If you, like many others across Tennessee, are facing overwhelming debt, you may be weighing your options in an effort to figure out what might help you get back on your feet. In some cases, you may find that filing for bankruptcy may help you rebuild your finances and regain control over your life in the shortest amount of time, but you may not know much about the process, or what it entails. Nowadays, the majority of personal bankruptcies involve Chapter 7 filings, but only those who pass what is known as the bankruptcy means test can file through this method.
Per Nerdwallet, the bankruptcy means test helps you determine whether you can file for bankruptcy through a Chapter 7, which is for lower-income earners, or if you have too much “disposable income” at hand and should instead consider a Chapter 13 filing. In a Chapter 13 bankruptcy, you must typically pay back at least some part of your outstanding debts, which differs from the typical process followed in a Chapter 7 bankruptcy.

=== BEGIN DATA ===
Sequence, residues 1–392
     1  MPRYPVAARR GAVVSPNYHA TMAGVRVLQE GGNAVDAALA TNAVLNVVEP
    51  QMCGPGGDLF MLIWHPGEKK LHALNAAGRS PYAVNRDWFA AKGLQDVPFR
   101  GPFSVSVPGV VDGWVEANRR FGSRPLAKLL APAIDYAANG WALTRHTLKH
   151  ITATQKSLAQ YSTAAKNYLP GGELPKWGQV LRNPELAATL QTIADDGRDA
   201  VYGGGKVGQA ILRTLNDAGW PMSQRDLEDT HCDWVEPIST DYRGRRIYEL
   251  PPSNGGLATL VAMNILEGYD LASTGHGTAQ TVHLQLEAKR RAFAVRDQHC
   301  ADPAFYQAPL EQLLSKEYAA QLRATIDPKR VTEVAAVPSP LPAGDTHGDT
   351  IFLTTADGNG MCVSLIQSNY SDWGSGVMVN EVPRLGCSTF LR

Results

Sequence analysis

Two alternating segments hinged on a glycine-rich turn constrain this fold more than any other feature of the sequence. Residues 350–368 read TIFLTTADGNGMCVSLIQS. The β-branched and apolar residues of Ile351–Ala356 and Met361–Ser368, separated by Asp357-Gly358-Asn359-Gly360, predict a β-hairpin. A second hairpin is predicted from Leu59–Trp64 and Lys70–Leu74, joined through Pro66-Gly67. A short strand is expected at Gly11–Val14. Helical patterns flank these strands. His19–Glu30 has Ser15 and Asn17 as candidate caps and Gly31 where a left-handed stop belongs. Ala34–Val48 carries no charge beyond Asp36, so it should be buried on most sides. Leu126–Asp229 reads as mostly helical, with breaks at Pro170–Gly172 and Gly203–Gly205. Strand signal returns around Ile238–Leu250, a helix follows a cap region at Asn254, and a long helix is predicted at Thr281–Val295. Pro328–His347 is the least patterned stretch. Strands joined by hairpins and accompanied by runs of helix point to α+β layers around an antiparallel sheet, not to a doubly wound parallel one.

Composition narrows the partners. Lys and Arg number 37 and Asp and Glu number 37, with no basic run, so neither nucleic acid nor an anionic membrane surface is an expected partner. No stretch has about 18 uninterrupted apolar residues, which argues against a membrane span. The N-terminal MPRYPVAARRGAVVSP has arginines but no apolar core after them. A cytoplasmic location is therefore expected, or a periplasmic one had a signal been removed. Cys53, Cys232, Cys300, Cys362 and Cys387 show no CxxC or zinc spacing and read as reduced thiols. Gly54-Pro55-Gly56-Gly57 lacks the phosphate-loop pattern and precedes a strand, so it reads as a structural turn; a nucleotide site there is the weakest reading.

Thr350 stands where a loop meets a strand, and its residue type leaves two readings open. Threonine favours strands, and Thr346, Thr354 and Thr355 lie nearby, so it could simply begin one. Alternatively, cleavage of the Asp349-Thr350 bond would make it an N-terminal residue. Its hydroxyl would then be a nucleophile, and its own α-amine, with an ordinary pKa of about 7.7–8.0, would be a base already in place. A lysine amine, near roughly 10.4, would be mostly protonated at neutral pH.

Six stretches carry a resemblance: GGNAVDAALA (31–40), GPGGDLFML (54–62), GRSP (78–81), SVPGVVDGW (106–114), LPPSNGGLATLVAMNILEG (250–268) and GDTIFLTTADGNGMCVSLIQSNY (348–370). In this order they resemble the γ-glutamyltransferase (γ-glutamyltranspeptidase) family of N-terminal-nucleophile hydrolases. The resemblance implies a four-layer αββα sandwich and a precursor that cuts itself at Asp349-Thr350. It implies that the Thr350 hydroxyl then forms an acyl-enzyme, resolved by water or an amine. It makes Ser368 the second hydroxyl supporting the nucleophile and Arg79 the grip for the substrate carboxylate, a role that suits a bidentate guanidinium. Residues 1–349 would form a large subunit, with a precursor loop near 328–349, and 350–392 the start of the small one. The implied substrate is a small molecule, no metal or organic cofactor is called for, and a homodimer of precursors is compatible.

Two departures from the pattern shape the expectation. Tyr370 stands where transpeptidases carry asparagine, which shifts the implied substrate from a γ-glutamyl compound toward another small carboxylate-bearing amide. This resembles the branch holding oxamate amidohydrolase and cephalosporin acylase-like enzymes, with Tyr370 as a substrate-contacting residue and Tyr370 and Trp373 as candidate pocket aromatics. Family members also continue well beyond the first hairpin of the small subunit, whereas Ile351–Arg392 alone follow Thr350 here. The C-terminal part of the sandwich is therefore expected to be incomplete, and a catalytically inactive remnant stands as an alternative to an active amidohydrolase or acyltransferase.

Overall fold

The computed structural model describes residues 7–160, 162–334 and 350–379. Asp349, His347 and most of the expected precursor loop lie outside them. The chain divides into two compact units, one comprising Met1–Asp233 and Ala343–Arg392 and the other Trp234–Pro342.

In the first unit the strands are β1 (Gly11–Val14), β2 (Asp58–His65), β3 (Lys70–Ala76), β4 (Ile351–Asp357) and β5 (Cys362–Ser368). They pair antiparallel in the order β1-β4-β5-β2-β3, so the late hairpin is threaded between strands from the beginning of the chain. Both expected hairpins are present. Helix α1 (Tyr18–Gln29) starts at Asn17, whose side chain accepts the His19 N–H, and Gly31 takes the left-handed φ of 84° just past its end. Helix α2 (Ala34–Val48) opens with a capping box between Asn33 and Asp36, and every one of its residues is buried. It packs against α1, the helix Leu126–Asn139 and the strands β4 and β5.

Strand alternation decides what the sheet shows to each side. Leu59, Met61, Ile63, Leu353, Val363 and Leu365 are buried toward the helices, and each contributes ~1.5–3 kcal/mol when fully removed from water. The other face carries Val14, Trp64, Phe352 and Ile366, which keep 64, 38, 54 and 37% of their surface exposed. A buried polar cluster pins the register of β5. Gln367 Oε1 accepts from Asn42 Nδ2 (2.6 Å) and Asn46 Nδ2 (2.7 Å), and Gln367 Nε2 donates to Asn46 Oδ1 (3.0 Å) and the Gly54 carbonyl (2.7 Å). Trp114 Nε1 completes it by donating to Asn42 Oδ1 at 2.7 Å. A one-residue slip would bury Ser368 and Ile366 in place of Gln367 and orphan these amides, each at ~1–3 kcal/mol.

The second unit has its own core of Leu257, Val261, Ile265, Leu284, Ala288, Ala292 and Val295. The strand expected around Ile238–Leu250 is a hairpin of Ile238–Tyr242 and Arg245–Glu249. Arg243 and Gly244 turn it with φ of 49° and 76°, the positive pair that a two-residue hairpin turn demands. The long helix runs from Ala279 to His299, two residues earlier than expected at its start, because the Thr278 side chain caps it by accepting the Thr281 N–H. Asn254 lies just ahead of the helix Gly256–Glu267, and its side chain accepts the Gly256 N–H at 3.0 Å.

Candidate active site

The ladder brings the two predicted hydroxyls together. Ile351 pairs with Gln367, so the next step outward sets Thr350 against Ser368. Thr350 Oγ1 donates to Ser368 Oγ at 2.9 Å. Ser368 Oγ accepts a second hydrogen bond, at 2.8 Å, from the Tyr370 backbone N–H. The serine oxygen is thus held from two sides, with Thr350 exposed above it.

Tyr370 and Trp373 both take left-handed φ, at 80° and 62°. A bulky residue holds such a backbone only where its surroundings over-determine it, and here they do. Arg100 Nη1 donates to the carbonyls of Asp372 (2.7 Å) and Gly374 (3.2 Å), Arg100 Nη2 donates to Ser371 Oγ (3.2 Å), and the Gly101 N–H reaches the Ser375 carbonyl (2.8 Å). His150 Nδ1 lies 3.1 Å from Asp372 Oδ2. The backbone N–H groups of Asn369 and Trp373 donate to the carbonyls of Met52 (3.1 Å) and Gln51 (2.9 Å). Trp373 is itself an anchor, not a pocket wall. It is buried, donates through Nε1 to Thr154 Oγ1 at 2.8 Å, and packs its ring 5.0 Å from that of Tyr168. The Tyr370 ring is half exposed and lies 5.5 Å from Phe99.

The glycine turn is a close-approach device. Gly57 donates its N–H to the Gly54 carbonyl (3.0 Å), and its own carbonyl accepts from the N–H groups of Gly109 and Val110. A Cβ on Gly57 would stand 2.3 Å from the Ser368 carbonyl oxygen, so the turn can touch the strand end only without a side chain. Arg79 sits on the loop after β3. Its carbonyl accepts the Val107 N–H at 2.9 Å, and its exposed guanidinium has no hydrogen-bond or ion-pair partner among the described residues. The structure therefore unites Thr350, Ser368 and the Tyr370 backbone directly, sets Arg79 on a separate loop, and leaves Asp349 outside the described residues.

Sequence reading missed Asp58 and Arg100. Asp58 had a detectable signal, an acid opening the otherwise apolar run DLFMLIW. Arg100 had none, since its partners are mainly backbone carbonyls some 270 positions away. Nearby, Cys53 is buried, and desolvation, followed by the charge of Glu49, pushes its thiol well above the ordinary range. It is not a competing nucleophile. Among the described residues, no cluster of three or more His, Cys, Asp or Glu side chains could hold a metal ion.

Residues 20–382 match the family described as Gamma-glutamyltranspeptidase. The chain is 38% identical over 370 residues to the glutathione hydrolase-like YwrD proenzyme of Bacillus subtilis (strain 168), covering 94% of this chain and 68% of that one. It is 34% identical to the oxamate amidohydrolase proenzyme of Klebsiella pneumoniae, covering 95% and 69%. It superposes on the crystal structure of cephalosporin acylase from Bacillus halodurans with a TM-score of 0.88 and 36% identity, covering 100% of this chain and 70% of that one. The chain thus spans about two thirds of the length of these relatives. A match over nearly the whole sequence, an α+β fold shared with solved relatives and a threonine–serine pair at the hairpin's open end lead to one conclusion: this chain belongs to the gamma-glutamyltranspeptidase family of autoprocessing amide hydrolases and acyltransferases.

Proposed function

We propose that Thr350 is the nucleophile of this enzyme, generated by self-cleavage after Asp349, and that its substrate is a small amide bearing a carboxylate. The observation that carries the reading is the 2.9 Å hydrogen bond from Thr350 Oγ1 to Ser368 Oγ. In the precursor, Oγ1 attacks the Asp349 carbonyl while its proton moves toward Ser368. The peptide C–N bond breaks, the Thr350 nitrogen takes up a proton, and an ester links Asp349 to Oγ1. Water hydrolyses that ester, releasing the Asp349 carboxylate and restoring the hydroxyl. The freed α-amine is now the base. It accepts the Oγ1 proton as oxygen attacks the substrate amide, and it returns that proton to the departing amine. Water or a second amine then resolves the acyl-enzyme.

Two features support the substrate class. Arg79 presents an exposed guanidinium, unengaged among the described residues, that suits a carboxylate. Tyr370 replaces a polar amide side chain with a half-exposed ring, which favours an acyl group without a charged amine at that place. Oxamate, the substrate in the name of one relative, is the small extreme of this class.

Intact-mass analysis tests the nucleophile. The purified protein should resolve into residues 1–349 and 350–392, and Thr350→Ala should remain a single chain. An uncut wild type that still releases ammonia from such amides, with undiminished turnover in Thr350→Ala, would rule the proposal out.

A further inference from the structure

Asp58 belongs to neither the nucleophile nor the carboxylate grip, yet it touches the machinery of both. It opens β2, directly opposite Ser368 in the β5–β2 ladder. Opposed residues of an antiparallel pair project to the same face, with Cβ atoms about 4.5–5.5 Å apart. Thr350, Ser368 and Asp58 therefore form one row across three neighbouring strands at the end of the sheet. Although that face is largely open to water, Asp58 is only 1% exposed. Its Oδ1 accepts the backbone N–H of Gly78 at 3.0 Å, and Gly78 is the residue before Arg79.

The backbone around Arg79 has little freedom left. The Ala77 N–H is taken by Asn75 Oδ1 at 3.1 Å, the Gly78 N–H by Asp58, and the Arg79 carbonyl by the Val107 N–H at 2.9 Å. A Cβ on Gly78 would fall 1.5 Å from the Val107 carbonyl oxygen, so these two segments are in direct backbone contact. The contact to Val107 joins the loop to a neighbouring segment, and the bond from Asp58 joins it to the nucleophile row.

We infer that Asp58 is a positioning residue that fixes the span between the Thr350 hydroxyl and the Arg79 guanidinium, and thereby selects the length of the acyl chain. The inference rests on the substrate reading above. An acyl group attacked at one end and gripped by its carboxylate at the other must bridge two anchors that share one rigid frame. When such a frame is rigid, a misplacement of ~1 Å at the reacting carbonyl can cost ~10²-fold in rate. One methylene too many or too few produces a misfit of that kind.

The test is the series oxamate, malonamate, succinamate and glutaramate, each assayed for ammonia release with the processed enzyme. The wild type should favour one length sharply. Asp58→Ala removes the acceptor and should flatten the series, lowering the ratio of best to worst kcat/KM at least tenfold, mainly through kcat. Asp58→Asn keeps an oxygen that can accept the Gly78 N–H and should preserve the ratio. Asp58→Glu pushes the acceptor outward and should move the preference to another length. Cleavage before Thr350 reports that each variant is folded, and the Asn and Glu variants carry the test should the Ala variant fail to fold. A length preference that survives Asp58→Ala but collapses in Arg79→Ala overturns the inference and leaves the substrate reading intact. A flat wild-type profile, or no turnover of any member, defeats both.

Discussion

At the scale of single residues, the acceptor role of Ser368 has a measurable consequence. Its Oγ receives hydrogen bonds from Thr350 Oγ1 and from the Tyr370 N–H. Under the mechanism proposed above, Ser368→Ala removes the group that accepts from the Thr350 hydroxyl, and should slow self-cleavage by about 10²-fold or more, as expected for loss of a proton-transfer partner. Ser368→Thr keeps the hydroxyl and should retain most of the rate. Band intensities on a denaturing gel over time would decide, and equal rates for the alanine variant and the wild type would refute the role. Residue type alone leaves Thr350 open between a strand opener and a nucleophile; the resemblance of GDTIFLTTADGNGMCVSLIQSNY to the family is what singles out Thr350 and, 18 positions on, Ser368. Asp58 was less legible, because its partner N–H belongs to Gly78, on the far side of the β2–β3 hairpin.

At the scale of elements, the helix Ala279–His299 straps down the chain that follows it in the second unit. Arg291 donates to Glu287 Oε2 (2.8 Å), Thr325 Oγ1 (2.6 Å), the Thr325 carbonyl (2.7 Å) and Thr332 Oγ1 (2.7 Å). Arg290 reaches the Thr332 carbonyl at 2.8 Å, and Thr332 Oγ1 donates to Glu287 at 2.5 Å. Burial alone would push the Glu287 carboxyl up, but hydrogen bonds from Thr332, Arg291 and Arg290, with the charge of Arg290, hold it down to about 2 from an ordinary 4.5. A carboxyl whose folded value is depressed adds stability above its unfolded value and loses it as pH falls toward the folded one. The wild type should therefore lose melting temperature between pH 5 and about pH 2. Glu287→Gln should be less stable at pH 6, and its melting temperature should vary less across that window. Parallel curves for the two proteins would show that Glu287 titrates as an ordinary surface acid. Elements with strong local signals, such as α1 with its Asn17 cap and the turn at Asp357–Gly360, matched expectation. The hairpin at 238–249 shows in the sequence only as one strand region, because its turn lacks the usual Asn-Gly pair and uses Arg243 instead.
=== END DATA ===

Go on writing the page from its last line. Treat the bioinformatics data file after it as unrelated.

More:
Just how does the means test work? The test compares your household income against the average household income in Tennessee to determine where you stack up. If your income level is lower than Tennessee’s average, you can automatically pass the test and proceed with a Chapter 7 filing. If not, you fail the first part of the means test, but you may still be able to file for Chapter 7 if you can demonstrate a lack of disposal income that makes you unable to pay back debts through a Chapter 13.
Typically, this involves assembling thorough documentation about your monthly income and expenses and using several formulas to determine how much you have left over after paying the essentials. Depending on this calculation, you may or may not then be able to file for a Chapter 7 bankruptcy. If not, you may have other options that can meet your needs.
This information is educational in nature and not a replacement for legal advice.